Letter to the Editor: Truths about the 2021 Township Budget

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parsippany focus

parsippany focusDear Editor:

The Mayoral campaign is heating up, and along with it, distortions and half-truths become the norm. I would normally just endorse Barberio, Musella, and Neglia as the best candidates to restore fiscal responsibility to Parsippany. However, the Mayor is blaming everyone except himself for the deficit budget that he handed over to the Township Council. Neighbors have called to tell me that, in addition to his opponent, he blames the Township Council and specifically me for the deficits. A response to these far-reaching accusations is needed.

Because of the serious budget deficits caused by this administration in the past three years, it took them over seven months in 2021 to produce a budget that was “Balanced and certified”. Balanced and Certified does not mean that this is a good budget … far from it. The administration has solved its deficit problems by pushing a lot of its problems into 2022. The sustainability of this budget should be a concern to the Township for future budgets.

The 2021 budget includes several one-time non-reoccurring revenues. That means these funds will not be available to the Township when preparing the budget for 2022. In other words, the administration has kicked the can down the road. They have pushed as much of their 2021 deficit into the 2022 budget that they could get away with. The State (DCA) granted the administration a one-time allowance on budget practices and gimmicks that would normally not be allowed. The Township Council rejected the Mayor’s request to borrow $5million to balance his budget. We also prevented him from pushing another $1.1million into 2022. We felt that we should start addressing some of the budget deficits in 2021 rather than allowing the Mayor to push everything into 2022. These Council votes were unanimous and bi-partisan.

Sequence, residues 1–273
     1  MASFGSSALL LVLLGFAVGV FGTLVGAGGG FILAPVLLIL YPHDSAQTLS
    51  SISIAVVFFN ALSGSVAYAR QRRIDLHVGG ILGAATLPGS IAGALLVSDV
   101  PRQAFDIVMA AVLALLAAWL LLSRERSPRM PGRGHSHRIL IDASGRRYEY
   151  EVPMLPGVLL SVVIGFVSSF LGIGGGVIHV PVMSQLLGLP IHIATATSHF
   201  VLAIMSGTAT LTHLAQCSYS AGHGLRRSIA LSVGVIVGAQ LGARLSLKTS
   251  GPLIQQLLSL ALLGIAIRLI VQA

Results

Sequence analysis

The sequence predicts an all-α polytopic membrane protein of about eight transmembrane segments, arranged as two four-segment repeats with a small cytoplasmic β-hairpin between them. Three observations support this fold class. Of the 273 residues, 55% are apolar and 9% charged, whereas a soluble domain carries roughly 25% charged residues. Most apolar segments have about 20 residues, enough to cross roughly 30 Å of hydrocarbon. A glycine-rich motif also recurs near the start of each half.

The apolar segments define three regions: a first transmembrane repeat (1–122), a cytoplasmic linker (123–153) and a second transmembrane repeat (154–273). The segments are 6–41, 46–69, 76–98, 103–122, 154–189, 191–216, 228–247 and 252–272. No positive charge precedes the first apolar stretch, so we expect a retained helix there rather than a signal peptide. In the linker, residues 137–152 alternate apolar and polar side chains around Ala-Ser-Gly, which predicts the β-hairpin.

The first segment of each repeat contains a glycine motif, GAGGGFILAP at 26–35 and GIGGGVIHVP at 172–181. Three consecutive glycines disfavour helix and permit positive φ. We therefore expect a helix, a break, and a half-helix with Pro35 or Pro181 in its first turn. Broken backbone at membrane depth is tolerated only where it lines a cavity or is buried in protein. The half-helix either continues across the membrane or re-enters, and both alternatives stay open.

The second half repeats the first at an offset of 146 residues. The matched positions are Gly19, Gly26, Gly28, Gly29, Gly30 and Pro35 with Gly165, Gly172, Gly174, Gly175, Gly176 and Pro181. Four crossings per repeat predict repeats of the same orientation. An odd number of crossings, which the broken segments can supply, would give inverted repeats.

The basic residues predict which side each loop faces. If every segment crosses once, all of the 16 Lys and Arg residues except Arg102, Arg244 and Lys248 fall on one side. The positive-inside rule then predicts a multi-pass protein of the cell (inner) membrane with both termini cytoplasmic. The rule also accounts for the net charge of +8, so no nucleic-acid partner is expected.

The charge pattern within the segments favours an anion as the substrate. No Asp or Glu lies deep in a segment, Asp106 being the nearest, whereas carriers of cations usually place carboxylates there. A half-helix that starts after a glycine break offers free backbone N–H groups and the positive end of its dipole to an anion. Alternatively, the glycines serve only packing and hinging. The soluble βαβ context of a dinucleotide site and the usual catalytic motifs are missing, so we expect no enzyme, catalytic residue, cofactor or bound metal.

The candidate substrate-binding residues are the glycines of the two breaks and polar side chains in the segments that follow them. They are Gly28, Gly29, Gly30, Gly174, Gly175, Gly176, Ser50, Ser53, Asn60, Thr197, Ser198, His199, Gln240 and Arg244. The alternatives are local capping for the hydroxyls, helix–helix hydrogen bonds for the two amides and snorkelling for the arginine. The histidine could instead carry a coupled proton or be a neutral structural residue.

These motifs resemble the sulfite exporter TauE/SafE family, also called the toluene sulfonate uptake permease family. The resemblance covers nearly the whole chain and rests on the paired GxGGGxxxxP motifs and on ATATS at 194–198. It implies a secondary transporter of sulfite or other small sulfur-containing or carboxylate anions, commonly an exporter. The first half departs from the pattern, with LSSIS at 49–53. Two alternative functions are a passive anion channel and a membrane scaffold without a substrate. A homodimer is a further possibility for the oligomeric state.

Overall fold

The Township’s 2021 budget contains unrealistic revenue estimates and seriously underestimates expenses. The Township should keep a watchful eye on the revenues that have been anticipated and be prepared for any shortfalls in revenue. The Township should also carefully monitor budget expenditures for the remainder of the year to allow for the flexibility afforded by the State. I assume that this would come in the form of “Emergency Appropriations”.

Even though this is not a good budget, the Township Council had no choice at this late date but to pass it. We were approaching the fourth quarter of the year. The Mayor may try to blame previous administrations, but after 3.5 years as Mayor, this deficit budget falls completely on him.

Michael dePierro